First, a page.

Outdoor Yoga

Outdoor Yoga at Gideon Putnam Resort and Spa

As we make the transition from summer to fall, life can seem hectic and overwhelming as children head back to school, days shorten, and holidays are lurking around the corner. Our seasonal work operations are either ramping up or slowing down. Yet, the autumnal equinox can be simultaneously refreshing as the leaves turn and the air becomes crisp.  Finding a balance and mindful enjoyment in this seasonal transition is not only beneficial to our overall health and wellbeing, but essential to developing personal satisfaction, motivation, and tranquility.  Perhaps it’s appropriate that September has been designated as National Yoga Month by the Department of Health and Human Services.

Yoga is an ancient Eastern art, dating back approximately 5,000 years.  However, it has recently experienced a boom in popularity in Western culture.  DNC Parks & Resorts offers yoga classes at the Roosevelt Baths & Spa (Gideon Putnam Hotel), features a yoga room at Tenaya Lodge’s Ascent Spa, and partners with yoga instructors at other operations, including Yosemite and Yellowstone National Park.  DNC Parks & Resorts even has some certified professional yoga instructors within its family:

  • Kim Rossi: Spa Director at The Roosevelt Baths & Spa at the Gideon Putnam, Saratoga Springs is a Certified Kripalu and Kundalini Yoga Teacher and Certified Ayurvedic Consultant
  • Heather Urkuski: IT Manager at Yellowstone National Park is  Owner/Instructor at Breathelight Yoga Studio in Bozeman, Montana and a Certified YogaMotion and Yoga Alliance Registered Yoga Teacher

Yoga truly is for everyone, with varying practices to follow for different goals, whether relaxation and mindfulness, improved athletic performance, greater flexibility, or a combination of all the above.  Different ‘styles’ of yoga all incorporate certain asanas (postures) and specific pranayama (breathing); some also offer a cleansing of the mind and body (shat karma), visualizations, meditation, mantras, and energy regulation (mudra and bandha).  Many are quick to discount the practice of yoga as simply a spiritual centering or relaxation method, while others may feel intimidated by challenging poses or strenuous activity. Although these can be intentions and benefits of practice if desired, the physiological effects of yoga are far-reaching and include the following, according to Urkuski:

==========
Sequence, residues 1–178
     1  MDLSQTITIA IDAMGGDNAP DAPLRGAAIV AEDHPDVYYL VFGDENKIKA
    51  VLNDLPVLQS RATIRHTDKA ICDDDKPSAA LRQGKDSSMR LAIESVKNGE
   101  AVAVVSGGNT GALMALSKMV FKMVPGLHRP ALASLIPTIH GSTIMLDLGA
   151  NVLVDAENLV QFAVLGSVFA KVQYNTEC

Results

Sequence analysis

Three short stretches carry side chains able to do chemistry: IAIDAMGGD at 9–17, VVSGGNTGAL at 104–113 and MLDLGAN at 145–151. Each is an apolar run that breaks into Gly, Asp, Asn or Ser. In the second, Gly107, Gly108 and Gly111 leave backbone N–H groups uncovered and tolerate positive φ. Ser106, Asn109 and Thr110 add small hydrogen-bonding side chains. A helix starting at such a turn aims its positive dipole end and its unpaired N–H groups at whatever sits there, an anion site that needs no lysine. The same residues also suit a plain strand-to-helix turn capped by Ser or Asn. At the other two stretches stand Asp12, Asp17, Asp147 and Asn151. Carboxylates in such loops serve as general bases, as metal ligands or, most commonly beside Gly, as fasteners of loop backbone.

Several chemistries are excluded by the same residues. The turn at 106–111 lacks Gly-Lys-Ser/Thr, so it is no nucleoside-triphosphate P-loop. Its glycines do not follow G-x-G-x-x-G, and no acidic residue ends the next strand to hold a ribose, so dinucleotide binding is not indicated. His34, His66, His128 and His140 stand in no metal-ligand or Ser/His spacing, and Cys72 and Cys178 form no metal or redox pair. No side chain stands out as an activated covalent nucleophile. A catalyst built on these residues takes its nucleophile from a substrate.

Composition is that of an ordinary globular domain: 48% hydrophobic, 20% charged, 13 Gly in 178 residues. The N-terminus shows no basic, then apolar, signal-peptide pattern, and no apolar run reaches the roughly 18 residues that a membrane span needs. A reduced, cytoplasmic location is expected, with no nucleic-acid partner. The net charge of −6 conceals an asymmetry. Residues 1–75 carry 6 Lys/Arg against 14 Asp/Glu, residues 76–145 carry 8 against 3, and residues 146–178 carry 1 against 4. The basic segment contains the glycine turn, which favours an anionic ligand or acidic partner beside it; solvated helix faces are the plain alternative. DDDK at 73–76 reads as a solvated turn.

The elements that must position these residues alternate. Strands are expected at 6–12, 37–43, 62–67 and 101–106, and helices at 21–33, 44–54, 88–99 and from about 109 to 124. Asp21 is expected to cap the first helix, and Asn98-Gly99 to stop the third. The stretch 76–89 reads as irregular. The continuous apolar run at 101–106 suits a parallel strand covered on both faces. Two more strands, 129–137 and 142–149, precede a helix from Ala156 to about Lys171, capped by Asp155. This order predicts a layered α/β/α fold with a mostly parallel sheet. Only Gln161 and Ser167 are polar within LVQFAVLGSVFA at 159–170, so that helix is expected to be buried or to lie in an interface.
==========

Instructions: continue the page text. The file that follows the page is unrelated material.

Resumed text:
• Increased strength by improving muscle tone and endurance. Iyengar and Ahstanga are two branches of Hatha (asana-based) Yoga. Iyengar utilizes props such as blocks and straps to support the practitioner in proper alignment and for longer holds of the poses. Ashtanga offers a more vigorous asana practice, incorporating sun salutations and bandhas (energy locks).
  • Greater flexibility by stretching muscles and connective tissue to increase range of motion and reduce stiffness. Restorative and Yin Yoga are particularly good practices for flexibility.
  • Improved posture from increased strength and flexibility; a stronger core and body awareness promotes sitting and standing “tall”.
  • Mindful breathing techniques that help to calm and focus the mind, regulate heart rate and blood pressure, and counter insomnia.
  • Reduced stress and deeper relaxation from mindfully moving the body with the breath. Some yoga practices include meditation that can begin with simply focusing on the breath or a mantra.

As Urkuski explains, “there are no pre-requisites for yoga so you don’t need to touch your toes! You need only an open mind and a willingness to practice. Yoga can be a simple and accessible as sitting still while consciously breathing for five minutes, or lying on the floor while swinging your legs up the wall after a busy day.”

Svaroopa Yoga Courtesy of Breathelight Yoga Studio

Svaroopa Yoga Courtesy of Breathelight Yoga Studio

Rossi states that “the idea is not to feel restricted.  The idea is to feel infinite” and further draws a connection between the Kundalini practice and the sun; both “purify a person to give an experience of our own purity, own piety, own strength, own totality, own identity, own infinity… uncoil the dormant self into the aware self.”

So whether you are looking for a way to relax or reinvigorate, an athlete looking to stretch out, or just trying to live a more conscious life, try some yoga; grab a mat and ease your way into it!  For beginner poses link here  and to find balance this fall link here.

Other great resources for all things yoga are Yoga International and Yoga Journal.